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Starbucks Upstanders Season 2

The sixth time he ran for Congress, Rep. Bob Inglis (R-South Carolina) made two big mistakes.

The second mistake, according to Inglis, was when he refused to confirm at a town hall event that President Barack Obama was indeed an evil secret non-American Muslim socialist.

But the truly shameful blunder that would cost him the election was when he spoke the words: "Climate change is real. Let’s do something about it."


"I got 29% of the vote after 12 years in Congress," he says today with a self-effacing chuckle. "A rather spectacular face-plant, really."

[rebelmouse-image 19529601 dam="1" original_size="1260x900" caption="Inglis, left, meets with troops in Ghana in 2010. Photo via U.S. Army Africa/Flickr." expand=1]Inglis, left, meets with troops in Ghana in 2010. Photo via U.S. Army Africa/Flickr.

With his Congress career officially over, Inglis decided to dedicate himself to finding conservative solutions to climate change.

Two years after his failed re-election campaign, he launched an advocacy group called RepublicEn through the Energy and Enterprise Initiative at George Mason University in Fairfax, Virginia.

Inglis hoped to use traditional Republican values such as free enterprise, limited government, accountability, and reasonable risk avoidance to shape the climate conversation in a way that would appeal to people in the reddest of the red communities.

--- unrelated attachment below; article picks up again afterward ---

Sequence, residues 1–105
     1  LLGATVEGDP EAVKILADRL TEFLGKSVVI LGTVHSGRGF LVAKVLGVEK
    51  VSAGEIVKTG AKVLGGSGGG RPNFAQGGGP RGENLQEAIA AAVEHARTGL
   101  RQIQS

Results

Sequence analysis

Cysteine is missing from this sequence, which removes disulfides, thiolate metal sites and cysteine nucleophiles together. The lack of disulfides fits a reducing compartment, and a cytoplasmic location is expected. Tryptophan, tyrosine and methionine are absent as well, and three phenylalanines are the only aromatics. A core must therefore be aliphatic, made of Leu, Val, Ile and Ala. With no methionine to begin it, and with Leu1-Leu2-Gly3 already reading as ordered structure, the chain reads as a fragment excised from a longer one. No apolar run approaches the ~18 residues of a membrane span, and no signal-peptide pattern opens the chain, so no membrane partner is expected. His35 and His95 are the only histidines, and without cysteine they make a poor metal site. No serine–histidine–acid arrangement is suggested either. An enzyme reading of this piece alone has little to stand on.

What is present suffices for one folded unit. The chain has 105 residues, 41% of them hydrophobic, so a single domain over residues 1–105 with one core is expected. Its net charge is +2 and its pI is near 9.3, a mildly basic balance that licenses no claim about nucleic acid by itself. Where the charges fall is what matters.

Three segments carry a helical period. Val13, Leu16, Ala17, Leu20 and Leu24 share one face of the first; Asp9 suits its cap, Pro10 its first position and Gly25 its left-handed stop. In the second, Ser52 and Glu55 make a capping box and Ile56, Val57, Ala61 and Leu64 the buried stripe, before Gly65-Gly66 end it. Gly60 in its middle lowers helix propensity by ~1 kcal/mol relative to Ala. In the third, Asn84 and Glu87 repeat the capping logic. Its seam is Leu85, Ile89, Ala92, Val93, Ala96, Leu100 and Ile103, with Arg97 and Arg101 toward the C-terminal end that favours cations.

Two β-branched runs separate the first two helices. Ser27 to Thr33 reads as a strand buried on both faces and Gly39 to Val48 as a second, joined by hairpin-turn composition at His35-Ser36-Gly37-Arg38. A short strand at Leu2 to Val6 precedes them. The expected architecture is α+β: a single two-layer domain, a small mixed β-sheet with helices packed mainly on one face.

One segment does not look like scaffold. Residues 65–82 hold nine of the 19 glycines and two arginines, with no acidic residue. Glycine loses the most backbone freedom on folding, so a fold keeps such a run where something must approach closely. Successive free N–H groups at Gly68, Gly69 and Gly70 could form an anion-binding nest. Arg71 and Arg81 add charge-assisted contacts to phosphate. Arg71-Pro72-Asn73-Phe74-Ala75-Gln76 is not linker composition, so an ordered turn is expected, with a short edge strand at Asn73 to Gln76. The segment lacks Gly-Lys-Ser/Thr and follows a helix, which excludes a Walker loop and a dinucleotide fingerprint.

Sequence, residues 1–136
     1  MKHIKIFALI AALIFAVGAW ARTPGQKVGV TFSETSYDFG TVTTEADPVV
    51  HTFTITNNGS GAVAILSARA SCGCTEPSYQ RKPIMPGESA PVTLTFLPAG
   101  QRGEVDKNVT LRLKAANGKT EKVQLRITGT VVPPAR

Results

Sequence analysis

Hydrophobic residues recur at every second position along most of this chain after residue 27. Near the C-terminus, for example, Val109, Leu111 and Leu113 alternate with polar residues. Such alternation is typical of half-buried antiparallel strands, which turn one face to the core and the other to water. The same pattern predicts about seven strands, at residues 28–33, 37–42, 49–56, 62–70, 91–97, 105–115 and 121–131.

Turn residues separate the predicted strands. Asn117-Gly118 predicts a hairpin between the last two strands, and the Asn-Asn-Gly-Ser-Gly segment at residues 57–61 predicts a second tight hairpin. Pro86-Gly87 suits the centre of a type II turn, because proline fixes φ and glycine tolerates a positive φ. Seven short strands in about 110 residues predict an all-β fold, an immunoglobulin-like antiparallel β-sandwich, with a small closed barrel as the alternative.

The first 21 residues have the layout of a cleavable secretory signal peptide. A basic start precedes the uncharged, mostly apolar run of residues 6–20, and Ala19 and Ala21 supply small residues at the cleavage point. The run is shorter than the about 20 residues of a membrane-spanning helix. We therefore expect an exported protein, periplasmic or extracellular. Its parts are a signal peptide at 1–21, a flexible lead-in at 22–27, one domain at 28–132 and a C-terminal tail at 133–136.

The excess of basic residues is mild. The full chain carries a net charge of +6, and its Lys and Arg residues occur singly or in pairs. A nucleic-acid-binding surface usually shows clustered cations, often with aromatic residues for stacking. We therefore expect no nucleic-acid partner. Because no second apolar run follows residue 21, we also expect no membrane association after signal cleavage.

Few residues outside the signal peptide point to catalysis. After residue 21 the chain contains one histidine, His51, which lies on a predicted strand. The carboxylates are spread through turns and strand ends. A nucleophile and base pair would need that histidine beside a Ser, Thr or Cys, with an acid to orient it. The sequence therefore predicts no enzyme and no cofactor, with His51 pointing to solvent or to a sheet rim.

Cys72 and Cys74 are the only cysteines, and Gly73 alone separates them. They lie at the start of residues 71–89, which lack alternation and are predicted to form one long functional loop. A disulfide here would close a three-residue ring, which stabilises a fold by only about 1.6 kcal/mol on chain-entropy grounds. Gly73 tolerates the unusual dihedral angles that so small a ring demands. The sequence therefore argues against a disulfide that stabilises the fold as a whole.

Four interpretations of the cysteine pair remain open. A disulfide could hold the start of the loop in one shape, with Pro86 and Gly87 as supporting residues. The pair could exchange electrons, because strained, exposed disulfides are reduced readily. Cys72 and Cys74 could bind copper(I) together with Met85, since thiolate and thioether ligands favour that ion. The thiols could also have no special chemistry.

His mission took him all the way from Antarctica to Tangier Island, Virginia, a small crabbing community in the Chesapeake Bay.

Tangier Island is perhaps best known as the setting for the battle that inspired "The Star-Spangled Banner," but today, Tangier Island is losing about 15 feet of land every year from rising sea levels — and many of its 700 residents still don't believe in the threat of climate change.

Inglis thought that if they heard about climate change from a person who holds many of their ideologies and is just more like them, the residents there might say, "Yeah, we're for that."

[rebelmouse-image 19529602 dam="1" original_size="1280x853" caption="Tangier Island. Photo by Eli Christman/Wikimedia Commons." expand=1]Tangier Island. Photo by Eli Christman/Wikimedia Commons.

But it turned out that was easier said than done:

Upstanders: Disappearing Island

After a conversation with his son, this conservative congressman decided to tackle climate change, head-on.

Posted by Upworthy on Tuesday, November 7, 2017

With help from Tangier Mayor James Eskridge, Inglis arranged a conversation with locals over a crab salad dinner.

He tried to appeal to them as a fellow Christian with an impressive resume of endorsements from conservative groups such as the NRA and the National Right to Life Committee.

The people of Tangier listened and responded to what he had to say, but they still insisted that the island wasn't suffering from climate change. It was just natural erosion or settling soil — nothing that needed a long-term solution except perhaps a seawall.

"When I see the sea level rising, I’ll shout it from the rooftops. But I’m just not seeing it," said Eskridge. "I’m not lying about it or denying it, I’m just telling you what I see."